LISBON - Advocates are not giving up the push for a hydroelectric power project along the St. Lawrence River that would provide cheap electricity to the region. A feasibility study conducted in May by the Canton-based Thew Associates found that the flow on the St. Lawrence River between Lisbon Beach and Galop Island, where advocates hope to locate the project, was inadequate for hydroelectric turbines.
But Rhonda L. Roethel, a Lisbon resident and former town Planning Board member who has taken the lead on the project, said the project is not dead.
We may try to redo the velocity testing in the spring, she said.
The feasibility study in May was conducted free of charge.
Ms. Roethel said there is a possibility that the low flow was a result of the rivers low water level at the time of testing and that further study could return different findings.
Were in the stage where we are looking to try to decide where the best area is [for the turbines], Ms. Roethel said.
She said she and several other community members working on the project are also considering what type of turbines would be best.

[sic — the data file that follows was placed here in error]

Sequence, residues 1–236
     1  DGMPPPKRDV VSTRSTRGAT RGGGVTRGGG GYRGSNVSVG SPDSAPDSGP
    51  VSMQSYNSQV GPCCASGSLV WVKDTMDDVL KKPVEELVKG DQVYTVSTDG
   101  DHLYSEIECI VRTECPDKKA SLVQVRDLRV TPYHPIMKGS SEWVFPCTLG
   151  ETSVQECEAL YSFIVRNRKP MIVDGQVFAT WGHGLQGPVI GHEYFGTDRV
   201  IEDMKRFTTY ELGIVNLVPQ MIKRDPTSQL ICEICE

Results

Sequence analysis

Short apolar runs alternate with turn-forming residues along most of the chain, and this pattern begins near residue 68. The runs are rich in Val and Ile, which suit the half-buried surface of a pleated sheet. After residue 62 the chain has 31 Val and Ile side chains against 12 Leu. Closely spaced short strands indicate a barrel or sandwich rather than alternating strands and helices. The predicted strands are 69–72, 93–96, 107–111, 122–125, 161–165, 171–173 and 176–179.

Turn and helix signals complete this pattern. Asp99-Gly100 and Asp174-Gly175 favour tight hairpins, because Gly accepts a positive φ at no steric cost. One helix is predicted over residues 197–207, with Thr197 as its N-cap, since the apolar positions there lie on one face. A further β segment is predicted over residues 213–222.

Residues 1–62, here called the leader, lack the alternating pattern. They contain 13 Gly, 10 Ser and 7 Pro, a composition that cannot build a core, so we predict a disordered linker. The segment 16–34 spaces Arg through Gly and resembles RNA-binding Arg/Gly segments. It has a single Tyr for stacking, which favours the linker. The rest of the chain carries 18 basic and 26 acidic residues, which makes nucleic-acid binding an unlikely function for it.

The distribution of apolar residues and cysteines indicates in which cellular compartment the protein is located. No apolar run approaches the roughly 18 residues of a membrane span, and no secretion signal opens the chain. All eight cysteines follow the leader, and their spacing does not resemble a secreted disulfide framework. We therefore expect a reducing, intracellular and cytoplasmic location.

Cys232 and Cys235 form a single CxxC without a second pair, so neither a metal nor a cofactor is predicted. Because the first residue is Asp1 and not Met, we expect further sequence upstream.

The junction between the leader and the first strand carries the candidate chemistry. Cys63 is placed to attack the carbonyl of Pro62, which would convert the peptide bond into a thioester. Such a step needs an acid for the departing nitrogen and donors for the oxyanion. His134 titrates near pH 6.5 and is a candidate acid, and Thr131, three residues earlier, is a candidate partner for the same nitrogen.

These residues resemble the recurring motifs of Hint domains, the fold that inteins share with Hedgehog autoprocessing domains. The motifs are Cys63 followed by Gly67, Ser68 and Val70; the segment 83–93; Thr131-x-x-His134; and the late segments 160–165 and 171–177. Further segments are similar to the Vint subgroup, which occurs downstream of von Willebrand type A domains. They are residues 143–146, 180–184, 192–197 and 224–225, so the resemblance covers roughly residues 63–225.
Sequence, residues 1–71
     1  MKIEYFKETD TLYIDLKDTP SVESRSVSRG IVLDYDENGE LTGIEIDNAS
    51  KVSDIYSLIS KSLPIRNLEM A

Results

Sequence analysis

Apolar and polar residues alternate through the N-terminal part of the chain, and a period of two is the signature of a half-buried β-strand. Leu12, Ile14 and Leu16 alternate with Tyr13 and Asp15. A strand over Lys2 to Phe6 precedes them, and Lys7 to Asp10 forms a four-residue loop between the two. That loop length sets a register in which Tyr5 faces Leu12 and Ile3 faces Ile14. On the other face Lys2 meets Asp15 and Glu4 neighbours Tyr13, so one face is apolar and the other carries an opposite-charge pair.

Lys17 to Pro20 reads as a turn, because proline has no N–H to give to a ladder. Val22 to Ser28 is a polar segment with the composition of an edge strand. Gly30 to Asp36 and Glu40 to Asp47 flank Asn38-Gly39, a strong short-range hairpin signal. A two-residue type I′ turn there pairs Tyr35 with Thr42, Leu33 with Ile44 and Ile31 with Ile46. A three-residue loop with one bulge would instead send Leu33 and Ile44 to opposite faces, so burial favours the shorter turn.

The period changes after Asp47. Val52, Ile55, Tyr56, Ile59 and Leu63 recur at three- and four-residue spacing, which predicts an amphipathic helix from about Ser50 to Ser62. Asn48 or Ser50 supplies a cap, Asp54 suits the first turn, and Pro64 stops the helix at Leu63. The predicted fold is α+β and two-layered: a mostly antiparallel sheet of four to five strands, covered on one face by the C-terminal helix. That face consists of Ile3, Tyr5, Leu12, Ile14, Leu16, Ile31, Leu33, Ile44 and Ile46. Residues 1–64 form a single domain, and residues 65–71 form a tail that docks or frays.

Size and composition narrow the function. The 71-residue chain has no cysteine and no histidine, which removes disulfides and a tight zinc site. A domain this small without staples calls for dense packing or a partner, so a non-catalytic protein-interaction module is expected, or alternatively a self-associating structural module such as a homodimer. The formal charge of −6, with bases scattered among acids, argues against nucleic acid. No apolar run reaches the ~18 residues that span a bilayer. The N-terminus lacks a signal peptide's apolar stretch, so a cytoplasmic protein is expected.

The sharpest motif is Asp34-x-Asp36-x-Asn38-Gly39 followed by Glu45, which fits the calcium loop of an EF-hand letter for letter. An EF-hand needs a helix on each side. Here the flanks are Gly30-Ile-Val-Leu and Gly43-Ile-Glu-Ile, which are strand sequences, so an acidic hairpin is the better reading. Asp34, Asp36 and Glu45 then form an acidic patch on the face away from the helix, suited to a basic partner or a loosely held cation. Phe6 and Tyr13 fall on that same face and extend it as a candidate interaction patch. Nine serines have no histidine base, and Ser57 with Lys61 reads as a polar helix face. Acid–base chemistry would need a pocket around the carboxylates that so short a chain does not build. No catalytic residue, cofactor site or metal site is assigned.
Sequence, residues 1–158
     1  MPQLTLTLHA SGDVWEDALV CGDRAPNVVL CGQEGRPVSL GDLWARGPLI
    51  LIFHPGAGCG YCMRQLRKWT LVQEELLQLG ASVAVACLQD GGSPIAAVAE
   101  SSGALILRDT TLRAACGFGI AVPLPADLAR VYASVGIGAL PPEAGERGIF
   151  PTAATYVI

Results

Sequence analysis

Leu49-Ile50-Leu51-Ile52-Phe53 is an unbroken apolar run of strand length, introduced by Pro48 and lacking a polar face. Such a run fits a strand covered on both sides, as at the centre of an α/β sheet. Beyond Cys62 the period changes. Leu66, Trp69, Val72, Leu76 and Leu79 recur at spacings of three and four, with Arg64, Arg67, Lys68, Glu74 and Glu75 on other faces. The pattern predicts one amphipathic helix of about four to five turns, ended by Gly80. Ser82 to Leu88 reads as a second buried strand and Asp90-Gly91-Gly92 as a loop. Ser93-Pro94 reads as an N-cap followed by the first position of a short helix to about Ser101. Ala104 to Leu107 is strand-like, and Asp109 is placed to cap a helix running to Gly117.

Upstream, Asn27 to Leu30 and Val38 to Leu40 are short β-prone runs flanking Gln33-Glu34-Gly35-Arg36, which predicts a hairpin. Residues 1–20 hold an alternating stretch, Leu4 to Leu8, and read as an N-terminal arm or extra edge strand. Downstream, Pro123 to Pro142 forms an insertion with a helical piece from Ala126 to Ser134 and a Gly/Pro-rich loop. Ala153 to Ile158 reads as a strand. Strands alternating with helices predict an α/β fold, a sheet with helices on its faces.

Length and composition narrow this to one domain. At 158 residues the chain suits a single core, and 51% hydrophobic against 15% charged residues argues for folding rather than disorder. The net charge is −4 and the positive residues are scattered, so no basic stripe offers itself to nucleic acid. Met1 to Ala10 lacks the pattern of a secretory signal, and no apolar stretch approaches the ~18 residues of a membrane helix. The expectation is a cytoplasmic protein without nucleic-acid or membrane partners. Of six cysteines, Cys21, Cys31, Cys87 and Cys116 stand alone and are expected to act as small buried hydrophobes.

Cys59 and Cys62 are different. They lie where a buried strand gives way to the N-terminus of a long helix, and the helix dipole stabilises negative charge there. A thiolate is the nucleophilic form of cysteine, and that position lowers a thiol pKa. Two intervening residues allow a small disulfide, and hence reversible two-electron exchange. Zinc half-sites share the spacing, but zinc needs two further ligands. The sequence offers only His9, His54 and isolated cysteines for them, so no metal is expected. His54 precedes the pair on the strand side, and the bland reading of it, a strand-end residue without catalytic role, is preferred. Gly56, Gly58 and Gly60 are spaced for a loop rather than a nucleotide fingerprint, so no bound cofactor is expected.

Over the summer Ms. Roethel was considering turbines made by Vortex Hydro Energy, based in Ann Arbor, Mich.
The turbines made by Vortex Hydro Energy are entirely submerged and dont use blades, relying instead on the vibration created by turbulent water to produce energy. Turbines like that would minimize the potential risk to fish.
But that company has put its turbine production on hold, Ms. Roethel said, and she is researching other options.
Town Councilor-elect Robert O. McNeil said he will certainly help [Ms. Roethel] because its worth looking at. Weve got nothing to lose.
Mr. McNeil, who has joined with Ms. Roethel in her effort, said, If its possible we sure ought to explore it. I think that most people in the town would think like I do that its worth researching.
Ms. Roethel said she also plans on reaching out to state representatives for help securing grants to forward the project. Ms. Roethel has said the goal is to produce enough power to serve 3,000 homes and create a low-cost, local source of power that can help attract economic development.
The proposed Lisbon hydropower project is not the first to surface or hit snags in recent years.
Hydroelectric company Riverbank Power, Toronto, Ontario, in 2009 nixed plans to set up a $2 billion underground hydroelectric generating plant in Ogdensburg. The company hoped to use water from the St. Lawrence River to run through four turbines placed 2,000 feet underground below the Ogdensburg Bridge and Port Authority industrial park to generate electricity.
The plans halted after the New York Power Authority and state Department of Environmental Conservation filed for intervenor status, raising questions about the projects environmental impact on the river.